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Wednesday, June 1, 2011

Are Banks Encouraging Strategic Default By Lending?

Some banks may be feeding the housing downturn and encouraging strategic default.

An interesting trend is unfolding whereby banks are extending credit to people who have defaulted on their mortgages. The kicker: these defaults are often the only missed payments. This is interpreted to mean that the defaulter is still a good credit risk -- and often is perfectly capable of paying -- but just decided not to pay the mortgage.   (Continued below)

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As in business where many borrowers will default on purpose to squeeze better terms, people are increasingly viewing strategic default as a course of action that risks neither legal consequence nor social stigma. The extension of credit to defaulters means that one can default and still get funded by others, thus removing perhaps the tallest barrier still discouraging people from walking away from loans.

In this corner, anything tending to encourage -- or not discourage -- strategic defaults will risk endangering the housing market even more.

Eric Dixon is a New York investigative lawyer, business consultant and independent energy consultant.  

2 comments:

  1. Banks ARE encouraging Strategic Defaulters, not by extending credit to them later, but by refusing to modify their loans by principal reduction except in extreme hardship.
    Big banks who used very aggressive (and often deceptive) marketing in the boom-years, to sell ARM mortgages with zero-down are now high-handedly expecting homeowners (those who can afford to) to shoulder all the equity loss. Yes, in retrospect it's easy to say the homeowners shouldn't have bought the over-priced homes, but let's not pretend they all went begging banks for those mortgages.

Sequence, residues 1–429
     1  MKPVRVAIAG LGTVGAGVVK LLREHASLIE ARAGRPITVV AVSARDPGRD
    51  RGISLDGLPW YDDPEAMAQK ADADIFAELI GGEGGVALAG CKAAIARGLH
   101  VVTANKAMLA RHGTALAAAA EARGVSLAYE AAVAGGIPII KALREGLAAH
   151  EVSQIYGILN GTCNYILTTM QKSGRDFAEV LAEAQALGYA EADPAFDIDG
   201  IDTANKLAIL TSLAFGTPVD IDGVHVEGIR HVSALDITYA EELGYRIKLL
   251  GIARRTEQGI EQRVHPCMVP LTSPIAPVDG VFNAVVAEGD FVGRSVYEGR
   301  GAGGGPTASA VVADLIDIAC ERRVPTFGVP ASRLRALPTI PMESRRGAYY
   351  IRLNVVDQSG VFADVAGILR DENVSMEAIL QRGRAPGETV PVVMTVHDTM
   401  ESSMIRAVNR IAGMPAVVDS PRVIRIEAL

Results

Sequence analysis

It's time for the government to FORCE banks to work with severely upside-down homeowners, to realistically bring principals to market value. If they don't, then homeowners SHOULD walk away and let the bank carry its share of the burden. Strategic defaulters (walkaways) do suffer plenty of losses (shame, anxiety, credit loss, legal expenses, moving expenses, loss of home) but not as much as they lose by throwing more money down a mortgage hole that will not be filled for a decade or more.

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  2. The motivation for a strategic default may depend on how far a borrower is underwater.
    Having a mortgage that’s twice as much as the value of a home could be somewhat discouraging. The prospect of being stuck with a losing investment that may not reach a break-even point for 10 years or more may be enough motivation to take a walk.

    ReplyDelete